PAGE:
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Make something by hand, and your children might have a keepsake. Make it together, and you’re building a life skill.
Beginning sewing projects have been skill builders and a way for my school-aged daughter and I to connect. Recently, I helped her stitch a pillow for her new 18-inch doll. I also made a second one for her little sister’s doll.
Here’s how we made this simple doll accessory and you can too:
I would prefer a remnant of new, organic cotton for this project, but I often resort to conventionally grown cotton since it’s frequently all I have available. Another green and frugal source is a piece of adult cotton clothing from your closet that no one wears, which would probably supply enough fabric for multiple doll pillows. You need less than a half-yard for this project, even a third of a yard would do; so if you must buy new fabric, you might want to check the discounted remnant basket at your fabric store.
Here’s what you need:
Remnant of cotton fabric for two 9″x7″ pieces, coordinating thread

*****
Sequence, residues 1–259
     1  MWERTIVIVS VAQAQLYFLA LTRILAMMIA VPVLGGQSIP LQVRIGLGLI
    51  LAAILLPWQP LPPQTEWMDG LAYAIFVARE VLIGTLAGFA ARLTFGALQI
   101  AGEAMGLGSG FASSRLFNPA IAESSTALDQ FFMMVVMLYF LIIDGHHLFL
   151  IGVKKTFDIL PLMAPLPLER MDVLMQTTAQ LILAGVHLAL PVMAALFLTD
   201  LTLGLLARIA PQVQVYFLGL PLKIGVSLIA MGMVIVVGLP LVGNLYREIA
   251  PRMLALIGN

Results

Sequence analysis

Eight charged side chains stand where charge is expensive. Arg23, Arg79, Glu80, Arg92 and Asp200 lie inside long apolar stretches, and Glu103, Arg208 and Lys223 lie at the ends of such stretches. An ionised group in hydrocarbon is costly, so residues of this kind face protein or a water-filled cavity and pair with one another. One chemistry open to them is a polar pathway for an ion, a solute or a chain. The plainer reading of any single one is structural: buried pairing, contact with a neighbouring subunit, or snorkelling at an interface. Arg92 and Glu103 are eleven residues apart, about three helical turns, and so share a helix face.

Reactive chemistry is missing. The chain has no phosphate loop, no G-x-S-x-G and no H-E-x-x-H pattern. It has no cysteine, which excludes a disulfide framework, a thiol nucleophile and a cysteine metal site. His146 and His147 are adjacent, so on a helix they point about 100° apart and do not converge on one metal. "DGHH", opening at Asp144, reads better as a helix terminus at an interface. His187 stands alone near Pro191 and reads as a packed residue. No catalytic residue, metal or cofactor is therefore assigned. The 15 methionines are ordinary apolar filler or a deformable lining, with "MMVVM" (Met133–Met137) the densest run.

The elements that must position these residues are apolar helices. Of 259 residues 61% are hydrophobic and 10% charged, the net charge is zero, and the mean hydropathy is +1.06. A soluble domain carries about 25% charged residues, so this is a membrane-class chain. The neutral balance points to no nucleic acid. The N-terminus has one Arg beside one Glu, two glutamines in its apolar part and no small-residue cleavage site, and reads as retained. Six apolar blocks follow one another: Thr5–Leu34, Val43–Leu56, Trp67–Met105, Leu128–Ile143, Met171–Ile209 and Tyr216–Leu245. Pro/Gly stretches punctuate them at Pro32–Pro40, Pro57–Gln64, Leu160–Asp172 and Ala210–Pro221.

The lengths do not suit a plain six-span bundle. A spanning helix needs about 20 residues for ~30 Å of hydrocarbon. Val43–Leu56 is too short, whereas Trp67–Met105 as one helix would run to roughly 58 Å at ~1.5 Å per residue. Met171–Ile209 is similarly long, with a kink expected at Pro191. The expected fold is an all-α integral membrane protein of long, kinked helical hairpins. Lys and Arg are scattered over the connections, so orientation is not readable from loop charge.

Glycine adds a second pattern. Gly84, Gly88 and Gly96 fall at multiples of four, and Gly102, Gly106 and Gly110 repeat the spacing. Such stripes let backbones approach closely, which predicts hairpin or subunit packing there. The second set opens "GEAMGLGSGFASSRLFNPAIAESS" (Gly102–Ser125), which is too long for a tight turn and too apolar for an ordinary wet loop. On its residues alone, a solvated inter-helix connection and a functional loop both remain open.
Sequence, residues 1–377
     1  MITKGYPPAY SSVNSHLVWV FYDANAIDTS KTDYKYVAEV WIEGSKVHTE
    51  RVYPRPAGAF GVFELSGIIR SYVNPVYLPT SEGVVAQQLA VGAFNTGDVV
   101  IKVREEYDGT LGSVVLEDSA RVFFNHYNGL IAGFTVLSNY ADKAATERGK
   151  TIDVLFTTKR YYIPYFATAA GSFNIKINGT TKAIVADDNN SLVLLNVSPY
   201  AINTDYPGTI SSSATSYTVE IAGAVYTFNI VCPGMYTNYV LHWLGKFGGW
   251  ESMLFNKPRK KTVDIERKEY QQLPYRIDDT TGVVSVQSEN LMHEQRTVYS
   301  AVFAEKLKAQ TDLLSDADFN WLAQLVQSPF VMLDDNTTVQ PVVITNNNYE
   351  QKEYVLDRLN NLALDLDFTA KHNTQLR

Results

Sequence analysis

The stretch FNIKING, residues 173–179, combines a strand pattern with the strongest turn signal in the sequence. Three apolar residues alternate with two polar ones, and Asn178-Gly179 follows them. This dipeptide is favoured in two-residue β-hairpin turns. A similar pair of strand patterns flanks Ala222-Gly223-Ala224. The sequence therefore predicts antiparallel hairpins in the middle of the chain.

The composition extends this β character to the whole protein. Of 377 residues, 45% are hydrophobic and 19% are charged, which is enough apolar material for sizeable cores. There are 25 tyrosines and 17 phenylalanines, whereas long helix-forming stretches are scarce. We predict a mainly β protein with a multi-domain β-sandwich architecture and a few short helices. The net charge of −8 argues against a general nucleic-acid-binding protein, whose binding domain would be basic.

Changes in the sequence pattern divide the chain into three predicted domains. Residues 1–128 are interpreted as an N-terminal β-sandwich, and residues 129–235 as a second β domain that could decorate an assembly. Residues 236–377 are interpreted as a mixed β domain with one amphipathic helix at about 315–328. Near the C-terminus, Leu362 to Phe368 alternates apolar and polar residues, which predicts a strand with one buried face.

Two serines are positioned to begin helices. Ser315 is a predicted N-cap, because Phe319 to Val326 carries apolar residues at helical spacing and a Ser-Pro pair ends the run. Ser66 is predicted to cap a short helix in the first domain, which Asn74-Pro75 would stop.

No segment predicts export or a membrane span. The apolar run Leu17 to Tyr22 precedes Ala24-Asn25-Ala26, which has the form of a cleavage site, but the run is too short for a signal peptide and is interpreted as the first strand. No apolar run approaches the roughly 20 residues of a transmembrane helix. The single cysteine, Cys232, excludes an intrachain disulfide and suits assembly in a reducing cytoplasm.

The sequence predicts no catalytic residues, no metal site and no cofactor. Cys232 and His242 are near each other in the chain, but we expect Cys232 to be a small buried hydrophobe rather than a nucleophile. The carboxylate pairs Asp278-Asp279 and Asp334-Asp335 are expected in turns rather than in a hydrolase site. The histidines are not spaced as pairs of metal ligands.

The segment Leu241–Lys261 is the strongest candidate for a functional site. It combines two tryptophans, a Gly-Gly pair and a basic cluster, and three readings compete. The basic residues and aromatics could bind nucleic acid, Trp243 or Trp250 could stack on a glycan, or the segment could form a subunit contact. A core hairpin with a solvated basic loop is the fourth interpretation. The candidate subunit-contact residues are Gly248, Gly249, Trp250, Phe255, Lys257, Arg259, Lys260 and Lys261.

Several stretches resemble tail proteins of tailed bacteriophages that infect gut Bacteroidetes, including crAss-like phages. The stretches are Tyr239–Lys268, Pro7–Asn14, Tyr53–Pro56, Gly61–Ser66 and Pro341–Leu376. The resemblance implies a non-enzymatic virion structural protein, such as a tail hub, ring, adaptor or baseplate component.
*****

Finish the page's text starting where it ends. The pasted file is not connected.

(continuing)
Polyester fiberfill or cotton stuffing
Sewing machine, machine and hand needles, shears, seam ripper, ruler, paper
Here’s how to assemble your pillow:
1. Measure and cut a 9″ by 7″ paper pattern, then cut two layers of cotton fabric this size. For larger dolls or a more generously sized pillow, you may want to increase these dimensions by an inch.
2. Pin fabric right sides together, leaving a 3″ opening in one long side.
3. Stitch on the sewing machine, using a 4/8″ or half-inch seam, keeping that 3″ opening. Stitch again a 3/8″ reinforcement. Trim corners and all around the pillow to reduce bulk, then turn right-side out. Gently use seam ripper to pull outside corners into points.
4. Fill pillow with polyester fiberfill or cotton stuffing. Even young kids love helping with this part.
5. Optional: add a tablespoon or two of homemade lavender potpourri for a calming scent. This is the same thing we’ve used in handcraftedlavender sachets.
6. Close the pillow with a whip stitch (this is the sewing part that most children can help with, even if they aren’t ready to stitch yet on the machine).
While you may not want to make every doll accessory, this is one case when homemade is even better than store-bought!
This post was originally published as a guest post at MomItForward.com on February 13, 2013, and is being re-posted here meeting MomItForward guidelines.